Will Presidential Democratic Candidate Kamala Harris be Plagued by Settlement of Sexual Harassment Lawsuits During her Tenure as California’s Attorney General?
The Los Angeles Times reported that the California Department of Justice paid more than 1.1 Million Dollars to settle claims with employees who alleged that they were sexually harassed or retaliated against by co-workers from 2011 – 2017, during the time Presidential Democratic Candidate Kamala Harris served as California’s Attorney General, the state’s “top cop.”
The cases were disclosed in response to a request under the California Public Records Act just weeks after Ms. Harris launched her presidential bid. The incidents included allegations that Department of Justice (“DOJ”) employees sexually harassed and retaliated against co-workers, including claims involving inappropriate touching and cases in which workers felt uncomfortable with the comments and actions of others.
Ms. Harris, a Democrat who was elected to the California Senate in 2016, contends through her spokesperson, Chris Harris, that she did not know about the cases settled by the DOJ until they were brought to her attention by The Los Angeles Times. The settlements paid by California on claims filed during Harris’ tenure included a previously reported $400,000 payment to settle a 2016 lawsuit involving Larry Wallace, a longtime top aide to Harris who resigned from her Senate staff in December after media reports surfaced regarding the $400,000 payment. Mr. Wallace was one of Harris’ closest aides for 14 years, but many of the settlements disclosed were paid out to rank-and-file employees in the DOJ. Danielle Hartley, an executive assistant who worked for Wallace, alleged in the lawsuit that he engaged in gender harassment and discriminated against her. A spokesperson for Ms. Harris stated in December that Senator Harris was unaware of the allegations against Mr. Wallace.
The largest settlement from Harris’ tenure as state Attorney General was a $649,500 payment in 2013 to James Rodriguez, who was then a special agent with the DOJ. He claimed that the agency harassed and retaliated against him and failed to take corrective action when he filed complaints about the alleged treatment. Mr. Rodriguez stated in his lawsuit that he was transferred from coveted jobs, denied pay for out-of-class assignments and faced a meritless internal affairs complaint, and that the department invited co-workers to file frivolous complaints against him. Jill Telfer, an attorney who represented Mr. Rodriguez, as well as Ms. Hartley in the separate case against Mr. Wallace, stated to the Los Angeles Times that Ms. Harris should have known about the issues.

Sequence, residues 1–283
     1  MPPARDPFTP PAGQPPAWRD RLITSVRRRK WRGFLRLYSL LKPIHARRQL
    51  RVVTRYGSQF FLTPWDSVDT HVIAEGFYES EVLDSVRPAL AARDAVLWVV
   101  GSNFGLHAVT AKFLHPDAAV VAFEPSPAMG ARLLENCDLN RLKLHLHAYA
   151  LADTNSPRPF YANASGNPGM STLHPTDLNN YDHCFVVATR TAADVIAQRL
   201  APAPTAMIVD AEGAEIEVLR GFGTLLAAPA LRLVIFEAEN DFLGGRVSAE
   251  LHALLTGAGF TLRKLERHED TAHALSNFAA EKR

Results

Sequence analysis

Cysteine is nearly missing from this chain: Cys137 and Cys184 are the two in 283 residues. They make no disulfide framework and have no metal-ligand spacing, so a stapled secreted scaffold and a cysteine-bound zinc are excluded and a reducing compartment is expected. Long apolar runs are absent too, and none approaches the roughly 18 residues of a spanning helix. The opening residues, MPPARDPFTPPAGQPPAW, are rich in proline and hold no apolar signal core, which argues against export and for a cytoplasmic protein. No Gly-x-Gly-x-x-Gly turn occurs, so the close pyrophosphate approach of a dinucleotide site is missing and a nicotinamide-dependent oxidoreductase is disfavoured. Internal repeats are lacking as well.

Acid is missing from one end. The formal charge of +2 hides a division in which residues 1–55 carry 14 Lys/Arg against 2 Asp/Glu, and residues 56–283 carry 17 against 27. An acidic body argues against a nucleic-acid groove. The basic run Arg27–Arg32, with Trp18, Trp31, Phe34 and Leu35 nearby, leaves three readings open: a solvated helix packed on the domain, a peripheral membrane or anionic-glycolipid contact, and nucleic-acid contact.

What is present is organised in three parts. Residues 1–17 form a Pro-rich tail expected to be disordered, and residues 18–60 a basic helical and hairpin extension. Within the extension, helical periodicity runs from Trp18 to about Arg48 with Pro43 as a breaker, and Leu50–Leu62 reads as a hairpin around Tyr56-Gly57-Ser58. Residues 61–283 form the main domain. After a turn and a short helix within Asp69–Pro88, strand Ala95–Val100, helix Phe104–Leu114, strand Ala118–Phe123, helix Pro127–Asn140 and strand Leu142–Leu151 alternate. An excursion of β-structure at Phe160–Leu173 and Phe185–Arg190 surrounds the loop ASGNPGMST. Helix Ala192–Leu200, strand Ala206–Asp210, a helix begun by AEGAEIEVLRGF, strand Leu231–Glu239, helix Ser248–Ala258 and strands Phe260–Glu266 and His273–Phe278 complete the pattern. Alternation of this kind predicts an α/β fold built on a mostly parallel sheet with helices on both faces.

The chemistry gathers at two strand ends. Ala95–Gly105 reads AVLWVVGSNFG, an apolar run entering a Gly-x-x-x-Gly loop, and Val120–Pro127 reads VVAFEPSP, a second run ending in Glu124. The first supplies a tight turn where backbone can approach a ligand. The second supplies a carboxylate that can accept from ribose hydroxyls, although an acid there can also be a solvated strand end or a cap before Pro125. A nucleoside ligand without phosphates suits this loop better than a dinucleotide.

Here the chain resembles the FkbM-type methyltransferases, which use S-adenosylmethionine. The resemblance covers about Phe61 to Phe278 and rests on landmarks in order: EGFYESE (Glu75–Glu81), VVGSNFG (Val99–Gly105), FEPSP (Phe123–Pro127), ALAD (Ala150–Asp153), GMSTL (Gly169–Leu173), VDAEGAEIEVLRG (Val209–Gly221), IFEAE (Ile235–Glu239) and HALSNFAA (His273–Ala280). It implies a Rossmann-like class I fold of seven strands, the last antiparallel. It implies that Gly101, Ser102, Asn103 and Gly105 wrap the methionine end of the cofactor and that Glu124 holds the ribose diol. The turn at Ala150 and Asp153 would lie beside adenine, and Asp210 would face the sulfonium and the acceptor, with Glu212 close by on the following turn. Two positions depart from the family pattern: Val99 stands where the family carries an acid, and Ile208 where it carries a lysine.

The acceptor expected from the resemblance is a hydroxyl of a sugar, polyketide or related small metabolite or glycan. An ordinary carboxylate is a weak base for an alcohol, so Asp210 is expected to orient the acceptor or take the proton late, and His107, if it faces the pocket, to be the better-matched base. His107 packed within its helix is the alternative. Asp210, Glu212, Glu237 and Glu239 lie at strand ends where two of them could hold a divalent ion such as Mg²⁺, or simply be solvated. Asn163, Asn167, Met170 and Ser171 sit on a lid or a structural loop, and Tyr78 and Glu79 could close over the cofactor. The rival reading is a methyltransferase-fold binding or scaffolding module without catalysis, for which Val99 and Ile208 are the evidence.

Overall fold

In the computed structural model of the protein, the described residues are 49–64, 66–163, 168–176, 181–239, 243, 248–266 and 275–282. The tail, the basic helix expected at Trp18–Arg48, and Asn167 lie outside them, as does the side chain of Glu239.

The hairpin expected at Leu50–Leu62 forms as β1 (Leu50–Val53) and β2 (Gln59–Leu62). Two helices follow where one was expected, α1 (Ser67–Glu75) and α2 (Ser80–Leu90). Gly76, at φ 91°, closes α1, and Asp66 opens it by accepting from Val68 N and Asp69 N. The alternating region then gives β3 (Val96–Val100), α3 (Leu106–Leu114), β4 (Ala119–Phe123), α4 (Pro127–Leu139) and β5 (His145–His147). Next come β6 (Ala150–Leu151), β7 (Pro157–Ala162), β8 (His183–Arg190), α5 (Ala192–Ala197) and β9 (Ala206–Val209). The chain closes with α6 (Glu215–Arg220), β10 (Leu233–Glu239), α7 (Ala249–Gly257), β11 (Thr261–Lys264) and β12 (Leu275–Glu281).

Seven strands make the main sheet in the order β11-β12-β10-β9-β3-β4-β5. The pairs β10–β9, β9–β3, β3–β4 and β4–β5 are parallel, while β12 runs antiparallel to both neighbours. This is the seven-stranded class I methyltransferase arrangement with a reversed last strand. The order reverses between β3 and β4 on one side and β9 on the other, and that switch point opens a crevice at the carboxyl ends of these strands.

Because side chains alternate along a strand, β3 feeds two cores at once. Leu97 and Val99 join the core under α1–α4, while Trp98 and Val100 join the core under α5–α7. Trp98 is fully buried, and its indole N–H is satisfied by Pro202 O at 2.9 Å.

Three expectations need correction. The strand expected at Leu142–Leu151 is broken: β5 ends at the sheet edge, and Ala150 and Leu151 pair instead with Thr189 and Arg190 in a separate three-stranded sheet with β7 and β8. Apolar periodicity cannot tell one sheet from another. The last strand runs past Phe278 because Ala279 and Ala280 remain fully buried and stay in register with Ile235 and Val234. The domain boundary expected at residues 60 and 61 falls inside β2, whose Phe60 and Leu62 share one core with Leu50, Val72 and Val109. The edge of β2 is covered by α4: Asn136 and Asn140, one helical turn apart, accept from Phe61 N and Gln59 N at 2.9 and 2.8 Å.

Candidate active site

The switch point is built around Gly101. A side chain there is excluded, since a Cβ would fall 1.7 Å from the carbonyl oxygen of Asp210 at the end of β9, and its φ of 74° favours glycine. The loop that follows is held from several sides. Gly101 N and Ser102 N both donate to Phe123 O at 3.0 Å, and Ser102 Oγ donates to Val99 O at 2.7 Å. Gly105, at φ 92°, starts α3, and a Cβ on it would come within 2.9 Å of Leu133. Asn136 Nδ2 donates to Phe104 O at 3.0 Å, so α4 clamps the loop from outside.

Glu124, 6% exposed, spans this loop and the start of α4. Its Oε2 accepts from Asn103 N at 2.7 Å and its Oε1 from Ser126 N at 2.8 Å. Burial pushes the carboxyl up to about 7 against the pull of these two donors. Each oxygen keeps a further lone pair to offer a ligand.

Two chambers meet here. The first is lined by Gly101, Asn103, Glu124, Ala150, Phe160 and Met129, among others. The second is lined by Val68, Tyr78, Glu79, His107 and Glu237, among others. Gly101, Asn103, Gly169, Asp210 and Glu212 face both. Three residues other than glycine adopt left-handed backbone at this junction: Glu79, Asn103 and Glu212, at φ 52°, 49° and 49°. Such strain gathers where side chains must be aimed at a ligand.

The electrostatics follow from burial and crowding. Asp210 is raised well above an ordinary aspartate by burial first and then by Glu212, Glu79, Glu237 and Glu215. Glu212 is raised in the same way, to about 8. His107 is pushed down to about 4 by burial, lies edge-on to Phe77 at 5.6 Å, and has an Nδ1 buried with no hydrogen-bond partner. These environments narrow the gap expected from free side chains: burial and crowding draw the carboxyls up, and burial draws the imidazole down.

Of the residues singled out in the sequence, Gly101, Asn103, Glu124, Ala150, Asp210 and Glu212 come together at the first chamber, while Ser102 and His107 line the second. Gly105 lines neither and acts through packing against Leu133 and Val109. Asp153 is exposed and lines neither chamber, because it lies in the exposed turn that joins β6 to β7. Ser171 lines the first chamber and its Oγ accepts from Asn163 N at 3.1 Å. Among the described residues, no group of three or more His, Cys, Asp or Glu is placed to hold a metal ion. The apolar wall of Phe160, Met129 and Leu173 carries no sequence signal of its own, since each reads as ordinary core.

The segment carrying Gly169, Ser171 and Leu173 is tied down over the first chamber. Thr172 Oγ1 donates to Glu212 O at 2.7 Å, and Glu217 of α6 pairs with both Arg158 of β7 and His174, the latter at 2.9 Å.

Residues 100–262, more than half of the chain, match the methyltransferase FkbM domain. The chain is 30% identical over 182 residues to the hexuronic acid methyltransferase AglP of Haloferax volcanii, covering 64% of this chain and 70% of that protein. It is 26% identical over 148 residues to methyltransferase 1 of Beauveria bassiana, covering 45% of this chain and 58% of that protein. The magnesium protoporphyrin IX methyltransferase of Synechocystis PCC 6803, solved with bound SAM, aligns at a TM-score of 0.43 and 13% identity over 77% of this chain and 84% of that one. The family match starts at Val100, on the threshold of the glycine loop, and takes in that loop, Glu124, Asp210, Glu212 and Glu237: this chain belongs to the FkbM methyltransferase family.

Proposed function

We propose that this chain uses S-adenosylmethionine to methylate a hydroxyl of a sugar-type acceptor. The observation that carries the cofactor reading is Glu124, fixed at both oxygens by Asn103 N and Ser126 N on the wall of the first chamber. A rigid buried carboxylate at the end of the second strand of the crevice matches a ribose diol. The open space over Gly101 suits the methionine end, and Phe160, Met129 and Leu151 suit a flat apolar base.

In a statement, Ms. Harris wrote, “[a]s the chief executive of a department of nearly 5,000 employees, the buck stopped with me. No one should face harassment or intimidation in the workplace, and victims of sexual misconduct should be listened to, believed and protected.”
Ms. Harris indicated that since she was elected to the Senate, she informed her staff that she would be involved whenever there is an allegation of misconduct by an employee. She said,
“[i[n my Senate office, if a harassment complaint is made, it immediately comes to me…No office is immune to misconduct, and there is much more work to do to ensure all are protected.”
Ms. Harris further stated, through her representatives, that she increased the investigative staff of the DOJ’s Equal Employment Rights and Resolution Office to speed up reviews of worker misconduct complaints and settlements were handled by administrators who were expected to follow strict policies against harassment, with training required for all employees.
In her first term in the Senate, Ms. Harris has been a strong advocate for the #MeToo movement, vocally objecting to President Trump’s appointment of Brett M. Kavanaugh to the U.S. Supreme Court due to allegations of sexual misconduct. She proposed the Empower Act to reduce barriers preventing victims of harassment from speaking out by prohibiting nondisclosure and non-disparagement clauses in legal settlements which has now become law.
So far, the allegations involving Mr. Wallace have not proved to be a major hurdle for Ms. Harris….
For more information on employment-related claims, or settlement of such claims, feel free to contact Lisa Sherman at (424) 249-8631 or [email protected]